- An insider with a reliable track record says the iPhone 14 series will feature a significant redesign in 2022.
- Some or all the 2022 iPhone models will feature hole-punch displays similar to what’s available on Android devices like the Galaxy S and Note series.
- It’s unclear whether an iPhone without a notch would still support Face ID recognition, but one Android device maker has already demoed a potential solution.
We’ve been referring to the bezel at the top of the iPhone screen as the notch from the moment the final iPhone X design leaked in the weeks preceding Apple’s September 2017 event, where the handset was formally unveiled. Every iPhone that launched after that aside from the affordable iPhone SE 2020 comes with the same notch. The purpose of the cutout is to house the cameras and sensors that power the most sophisticated authentication available on mobile devices. The notch hides the TrueDepth camera system that enables Face ID, a feature that only a few Android vendors have attempted to copy. The notch also gave the iPhone a unique design, one that almost every Android handset maker copied in 2018 before they realized there are other ways to make all-screen phones.
Since 2017, we’ve been waiting for Apple to shrink the size of the notch, especially since most Android devices transitioned to the hole-punch display that Samsung pioneered. Now, an insider with an accurate track record is reporting that Apple is almost ready to release the first new flagship iPhone without a notch since 2016.
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Analyst Ming-Chi Kuo outted the design change in a note to investors that MacRumors shared. He said that at least some 2022 iPhone models will abandon the notch in favor of a “punch-hole display design” similar to Samsung’s screens for the high-end Galaxy phones. Kuo said the punch-hole display design would be adopted by high-end 2022 iPhones at a minimum. If yields are good enough, all 2022 models might use the design. Kuo didn’t say what sort of biometrics authentication system will be used on these iPhone 14 models.
Samsung was one of the few Android vendors that did not copy the notch in 2017. If this report is correct, then Apple might copy Samsung’s Infinity-O display design. That’s something Android users will be quick to point out. However, Apple has patents describing hole-punch display designs that precede the Galaxy S10 series, proving that Apple has been considering this particular technology for quite some time.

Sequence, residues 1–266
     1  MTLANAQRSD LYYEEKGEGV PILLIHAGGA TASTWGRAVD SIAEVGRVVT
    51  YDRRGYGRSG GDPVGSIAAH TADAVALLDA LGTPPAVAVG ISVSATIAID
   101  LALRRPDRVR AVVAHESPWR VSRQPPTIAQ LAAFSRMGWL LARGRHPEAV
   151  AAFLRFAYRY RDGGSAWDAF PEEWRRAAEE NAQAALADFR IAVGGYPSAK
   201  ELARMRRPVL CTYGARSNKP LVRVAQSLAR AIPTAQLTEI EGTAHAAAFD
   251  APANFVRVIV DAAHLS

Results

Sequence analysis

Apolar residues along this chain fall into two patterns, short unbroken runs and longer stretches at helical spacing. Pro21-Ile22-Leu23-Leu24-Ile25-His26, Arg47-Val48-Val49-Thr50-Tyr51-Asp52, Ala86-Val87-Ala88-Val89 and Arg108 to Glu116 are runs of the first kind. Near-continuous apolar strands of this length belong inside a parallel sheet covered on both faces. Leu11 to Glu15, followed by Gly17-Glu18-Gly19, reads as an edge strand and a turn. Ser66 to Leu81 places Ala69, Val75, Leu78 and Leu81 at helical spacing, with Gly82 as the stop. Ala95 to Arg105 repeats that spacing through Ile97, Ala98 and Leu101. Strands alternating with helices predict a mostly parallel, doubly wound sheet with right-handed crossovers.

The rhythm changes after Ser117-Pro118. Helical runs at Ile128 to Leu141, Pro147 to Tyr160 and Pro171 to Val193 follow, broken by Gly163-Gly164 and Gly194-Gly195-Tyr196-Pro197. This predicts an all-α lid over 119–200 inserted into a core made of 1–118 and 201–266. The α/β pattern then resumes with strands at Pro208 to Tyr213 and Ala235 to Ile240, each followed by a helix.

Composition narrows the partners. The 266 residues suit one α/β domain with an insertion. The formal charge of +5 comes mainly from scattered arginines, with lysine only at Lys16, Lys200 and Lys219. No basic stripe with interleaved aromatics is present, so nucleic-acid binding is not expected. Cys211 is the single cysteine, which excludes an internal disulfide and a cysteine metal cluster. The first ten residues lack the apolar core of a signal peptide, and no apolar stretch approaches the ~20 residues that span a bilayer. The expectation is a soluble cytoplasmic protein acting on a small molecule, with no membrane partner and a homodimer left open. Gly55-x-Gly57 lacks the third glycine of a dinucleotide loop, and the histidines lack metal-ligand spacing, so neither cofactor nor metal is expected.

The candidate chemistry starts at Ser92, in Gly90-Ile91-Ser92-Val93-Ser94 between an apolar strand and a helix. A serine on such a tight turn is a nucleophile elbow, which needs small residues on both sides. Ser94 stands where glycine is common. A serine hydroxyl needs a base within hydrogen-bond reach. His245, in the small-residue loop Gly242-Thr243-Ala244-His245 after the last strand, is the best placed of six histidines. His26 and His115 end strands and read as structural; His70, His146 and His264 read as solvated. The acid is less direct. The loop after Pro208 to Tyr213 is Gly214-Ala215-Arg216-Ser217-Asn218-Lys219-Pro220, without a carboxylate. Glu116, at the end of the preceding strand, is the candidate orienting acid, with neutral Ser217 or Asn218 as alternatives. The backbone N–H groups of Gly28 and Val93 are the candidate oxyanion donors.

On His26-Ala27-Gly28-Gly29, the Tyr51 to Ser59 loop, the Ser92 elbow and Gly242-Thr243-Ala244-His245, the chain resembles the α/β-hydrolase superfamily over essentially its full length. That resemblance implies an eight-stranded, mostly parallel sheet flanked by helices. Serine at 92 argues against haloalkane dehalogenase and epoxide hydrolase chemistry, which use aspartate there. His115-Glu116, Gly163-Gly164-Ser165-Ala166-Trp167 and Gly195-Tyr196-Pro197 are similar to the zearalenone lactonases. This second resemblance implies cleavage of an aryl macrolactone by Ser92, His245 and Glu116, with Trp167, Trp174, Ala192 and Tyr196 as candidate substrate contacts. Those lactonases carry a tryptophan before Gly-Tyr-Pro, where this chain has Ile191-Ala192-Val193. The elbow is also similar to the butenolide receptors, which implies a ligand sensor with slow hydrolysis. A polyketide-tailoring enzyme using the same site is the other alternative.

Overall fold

More importantly, Samsung has been making Infinity-O displays since 2019. It has plenty of expertise and yields must have significantly improved since then. What’s peculiar in Kuo’s note is that he includes production yields as the reason that might prevent Apple from using the design in all iPhone 14 models. This might suggest that the screens might have features that aren’t available in current Galaxy S and Note phones that feature hole-punch displays.
Apple is also rumored to be adding under-display Touch ID to the iPhone at some point in the future, or a combination of Touch ID and Face ID. It’s unclear what sort of authentication system next year’s iPhones will use.
One solution came from Chinese smartphone maker ZTE. The company showcased an under-display 3D face recognition system at MWC 2021 Shanghai last week. ZTE was also the first handset maker to have launched a phone with an under-display selfie camera last year.
Unfortunately, one problem that impacts under-screen cameras would hurt the TrueDepth Face ID system, too. That’s light transmission loss, since light would have to travel through the display’s OLED and glass layers to reach the sensors. ZTE is fixing the problem by increasing the pixel density of the projector that creates the 3D map of the face by over 10 times. The company also used a 120Hz screen and increased the pixel density of the area above the camera from 200 PPI to 400 PPI. ZTE says the system is secure enough for mobile payment authentication.
Apple would not use ZTE tech in its phones, but if it’s studying under-display camera technology, it must also be looking at ways to place Face ID sensors beneath the display. That’s only speculation, however, based on Kuo’s lack of specifics about Apple’s biometric sensor choices for the iPhone 14.
Kuo also made a few additional claims about the upcoming iPhones, saying that this year’s new iPhones will feature smaller notches than previous devices and that the iPhone SE (2022) will stick to the same traditional 4.7-inch screen design.
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